Advocates for Ontario’s 42 sexual assault centres say the provincial government will not renew a $1-million funding boost next year, even though demand for services is rising.
The Progressive Conservative government gave the centres an additional “one-time” $1-million in funding last spring, but the groups had hoped the extra money would be renewed. It expires on March 31.
With the rise of the #MeToo movement, which encourages victims of sexual assault to speak about their experiences, the centres say they have seen an increase in demand for services, such as individual counselling and crisis lines. But waiting times for free services in Ontario can stretch on for months or even years. Without additional government funding, the centres say their waiting lists will grow.
Deb Singh, a counsellor and advocate with the Toronto Rape Crisis Centre (TRCC), said Attorney-General Doug Downey personally informed the centres about the decision late last week.
“Our services are under attack,” Ms. Singh said. “What we were able to do with that [money] was remarkable.”
Ms. Singh said the TRCC’s share of the money – about $76,000 – helped to reduce the centre’s waiting list from 18 months to six months, by allowing the centre to hire three people on part-time contracts. Now, she said, “we cannot serve as many survivors.”
In total, the province’s rape crisis centres receive $14.8-million in funding each year. But the previous Liberal government had promised a 30-per-cent increase – almost $4-million a year – which never materialized after the Liberals lost the 2018 election.
Jenessa Crognali, Mr. Downey’s spokeswoman, said Wednesday the $1-million in one-time funding was added to the $14.8-million annual budget ″to support sexual assault centres in the wake of unfunded promises made by the Liberals.” She said the government will maintain the same base funding for the ministry’s $60-million victims services program next year, which includes the province’s sexual assault centres.
Nicole Pietsch, co-ordinator with the Ontario Coalition of Rape Crisis Centres, said Mr. Downey didn’t explain why he wasn’t extending the funding, but said his government is undertaking a review of victims services across the province.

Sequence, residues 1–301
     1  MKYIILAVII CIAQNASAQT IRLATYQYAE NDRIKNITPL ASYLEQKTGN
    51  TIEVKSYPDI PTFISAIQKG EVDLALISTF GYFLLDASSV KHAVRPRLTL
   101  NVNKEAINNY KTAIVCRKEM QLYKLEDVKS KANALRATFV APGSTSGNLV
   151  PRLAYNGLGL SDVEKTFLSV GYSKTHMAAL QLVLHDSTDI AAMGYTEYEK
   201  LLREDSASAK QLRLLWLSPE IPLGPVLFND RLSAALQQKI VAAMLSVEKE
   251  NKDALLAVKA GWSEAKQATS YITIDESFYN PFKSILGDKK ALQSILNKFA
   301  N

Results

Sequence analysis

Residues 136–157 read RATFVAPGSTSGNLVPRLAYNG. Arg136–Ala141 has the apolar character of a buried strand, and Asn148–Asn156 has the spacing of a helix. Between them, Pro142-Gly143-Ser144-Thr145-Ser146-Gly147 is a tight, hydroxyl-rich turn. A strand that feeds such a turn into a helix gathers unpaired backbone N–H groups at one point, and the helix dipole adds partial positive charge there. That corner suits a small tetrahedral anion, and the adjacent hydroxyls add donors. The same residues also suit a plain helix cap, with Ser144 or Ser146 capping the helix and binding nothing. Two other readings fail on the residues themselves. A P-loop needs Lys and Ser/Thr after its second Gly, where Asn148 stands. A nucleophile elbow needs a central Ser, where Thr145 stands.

She said many centres created programs as a result of the money, such as a walk-in program in York region, a drop-in group in Muskoka and part-time counselling positions to decrease waiting lists.
“All of those will come to an end at the end of March, with the end of this funding,” she said.
Ms. Pietsch said the demand for service has been increasing steadily for several years, as the public has become more aware of the stigma surrounding sexual violence.
“We think it’s a timely investment, and the government is just not on the same page," she said.
Jill Andrew, the Ontario NDP’s women’s issues critic, criticized both the previous Liberal government and the Progressive Conservatives for failing to properly fund rape crisis centres.
“The Liberals waited until they were on the cusp of an election to react to #MeToo and the surge in survivors seeking support, and now Doug Ford’s Conservatives are taking things from bad to worse for survivors of rape and sexual violence,” she said. “I am urging the government to reverse this cut right away.”
Ontario Green Party Leader Mike Schreiner said the funding loss will mean fewer counsellors and support groups.
“This was a very modest sum that 42 rape crisis centres were stretching very far to support victims,” he said.
“It’s a very callous place to pinch pennies.”
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